At Wednesday’s Metropolitan Transportation Authority board meeting, Chairman Joseph Lhota called for multiple new sources of revenue to address the MTA’s operating deficits and capital funding needs. “I say multiple sources of new additional revenue because congestion pricing, even if fully developed and completely implemented, will not be enough,” Lhota said.
The funding needs of the MTA expanded earlier this year when the New York City Transit Authority released a long-term “Fast Forward Plan” to make the beleaguered subway and bus system more efficient and reliable. The plan will remain a proposal unless the MTA obtains the necessary funding, which has been estimated by NYC Transit Authority President Andy Byford to cost $40 billion over 10 years.
“Obviously the elephant is, well, ‘How much does this all cost and how are we going to pay for it?,’” Byford said Oct. 11 at a Harlem town hall to get public feedback on the plan. “We are in the final process of calculating the exact cost of that plan that I just outlined to you, and it is big bucks, right? We are talking billions of dollars,” he said.
The MTA budget is divided into two kinds of funding: operating and capital. According to Byford, fares cover approximately 46 percent of daily operating expenses, such as bus and subway driver salaries. The remaining 54 percent is covered by miscellaneous revenue like advertising, rental income, and taxes.Everything else, including maintenance and major repairs, is covered by capital investment funds from the state, city and “in very defined circumstances,” he said, “from the feds in Washington.”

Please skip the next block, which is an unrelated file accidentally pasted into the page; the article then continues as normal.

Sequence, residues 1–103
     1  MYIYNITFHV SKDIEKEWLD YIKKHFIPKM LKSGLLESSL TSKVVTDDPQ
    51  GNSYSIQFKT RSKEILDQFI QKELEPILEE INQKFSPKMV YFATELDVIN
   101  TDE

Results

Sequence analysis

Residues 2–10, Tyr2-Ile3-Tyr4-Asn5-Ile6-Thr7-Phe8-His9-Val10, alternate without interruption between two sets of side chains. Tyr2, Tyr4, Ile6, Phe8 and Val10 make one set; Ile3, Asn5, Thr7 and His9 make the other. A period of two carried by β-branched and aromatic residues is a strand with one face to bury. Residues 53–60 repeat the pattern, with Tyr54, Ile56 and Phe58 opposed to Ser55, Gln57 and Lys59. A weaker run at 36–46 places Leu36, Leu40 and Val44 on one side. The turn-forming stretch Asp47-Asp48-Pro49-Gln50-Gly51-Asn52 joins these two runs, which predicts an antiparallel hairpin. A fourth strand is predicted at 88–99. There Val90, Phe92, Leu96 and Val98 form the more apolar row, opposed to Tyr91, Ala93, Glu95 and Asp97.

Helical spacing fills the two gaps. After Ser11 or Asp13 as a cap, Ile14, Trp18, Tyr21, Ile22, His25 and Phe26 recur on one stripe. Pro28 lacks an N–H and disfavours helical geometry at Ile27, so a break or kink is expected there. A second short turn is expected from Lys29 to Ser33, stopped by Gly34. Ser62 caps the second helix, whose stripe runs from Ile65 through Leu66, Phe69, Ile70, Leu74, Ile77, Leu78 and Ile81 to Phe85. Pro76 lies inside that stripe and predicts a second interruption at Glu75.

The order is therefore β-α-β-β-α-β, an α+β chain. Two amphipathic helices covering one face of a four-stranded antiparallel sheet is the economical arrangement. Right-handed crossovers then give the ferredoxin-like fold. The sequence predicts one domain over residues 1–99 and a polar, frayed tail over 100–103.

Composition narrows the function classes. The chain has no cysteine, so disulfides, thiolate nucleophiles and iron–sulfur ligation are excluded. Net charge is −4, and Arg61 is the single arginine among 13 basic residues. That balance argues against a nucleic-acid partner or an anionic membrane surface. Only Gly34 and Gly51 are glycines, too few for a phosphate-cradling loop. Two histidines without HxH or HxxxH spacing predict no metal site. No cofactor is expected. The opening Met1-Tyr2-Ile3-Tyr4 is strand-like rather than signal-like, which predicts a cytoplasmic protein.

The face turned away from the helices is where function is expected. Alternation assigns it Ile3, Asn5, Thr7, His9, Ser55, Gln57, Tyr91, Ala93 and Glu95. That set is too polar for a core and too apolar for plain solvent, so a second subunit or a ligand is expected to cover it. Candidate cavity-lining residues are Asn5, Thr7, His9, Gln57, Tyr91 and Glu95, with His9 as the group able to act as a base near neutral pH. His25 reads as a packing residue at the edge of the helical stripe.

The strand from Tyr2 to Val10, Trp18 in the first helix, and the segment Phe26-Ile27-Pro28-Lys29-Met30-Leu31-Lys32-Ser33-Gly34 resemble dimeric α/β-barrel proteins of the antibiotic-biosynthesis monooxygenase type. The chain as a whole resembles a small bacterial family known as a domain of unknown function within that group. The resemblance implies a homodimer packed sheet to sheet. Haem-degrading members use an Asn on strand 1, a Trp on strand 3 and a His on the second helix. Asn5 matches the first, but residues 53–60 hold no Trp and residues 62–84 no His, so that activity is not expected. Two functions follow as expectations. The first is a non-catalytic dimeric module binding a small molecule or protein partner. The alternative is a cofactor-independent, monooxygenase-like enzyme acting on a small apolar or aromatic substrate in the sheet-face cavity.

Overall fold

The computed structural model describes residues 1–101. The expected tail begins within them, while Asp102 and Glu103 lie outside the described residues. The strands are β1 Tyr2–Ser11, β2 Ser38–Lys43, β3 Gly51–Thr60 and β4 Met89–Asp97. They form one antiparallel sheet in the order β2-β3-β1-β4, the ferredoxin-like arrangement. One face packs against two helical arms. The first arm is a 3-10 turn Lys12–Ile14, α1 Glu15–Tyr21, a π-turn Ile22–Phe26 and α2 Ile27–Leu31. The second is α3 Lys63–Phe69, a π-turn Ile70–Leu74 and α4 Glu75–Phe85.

So, to make the Fast Forward Plan reality, the MTA needs additional funding. Politicians and advocacy groups have presented a few ideas for where the money could come from, but nothing has been passed in the state Legislature, which would have to approve any new revenue stream.
Here’s the breakdown of each major proposed funding source:
Revenue: $1.1 billion per year
The most high-profile and widely discussed idea, would charge drivers for entering zones where there is heavy traffic, such as Manhattan south of Harlem during business hours. Transit advocates love the idea because it would be a twofer, reducing the city’s choking traffic, which would move buses more quickly, give drivers an incentive to switch to transit, and improve air quality. New York would be the first city in the United States to adopt congestion pricing, but the approach has been adapted in other large cities such as London. Earlier this month at a breakfast for the Association for a Better New York, Gov. Andrew Cuomo said in reference to fixing the MTA, “there is only one way it happens; that is congestion pricing.”
New York City Mayor Bill de Blasio is not a fan of the idea and in the past he has voiced concerns about congestion pricing being unfair to New Yorkers with hardships such as a low income or disability. (Congestion pricing advocates note that people who drive into Manhattan are on average much wealthier than those who take transit.) Suburban and some outer-borough legislators in Albany are reluctant to back a fee that would affect many of their constituents. Fix NYC, Cuomo’s traffic advisory panel, reported in January that charging cars and trucks on weekdays and weekends could bring in a gross annual revenue of $1.1 billion.
Revenue: $800 million per year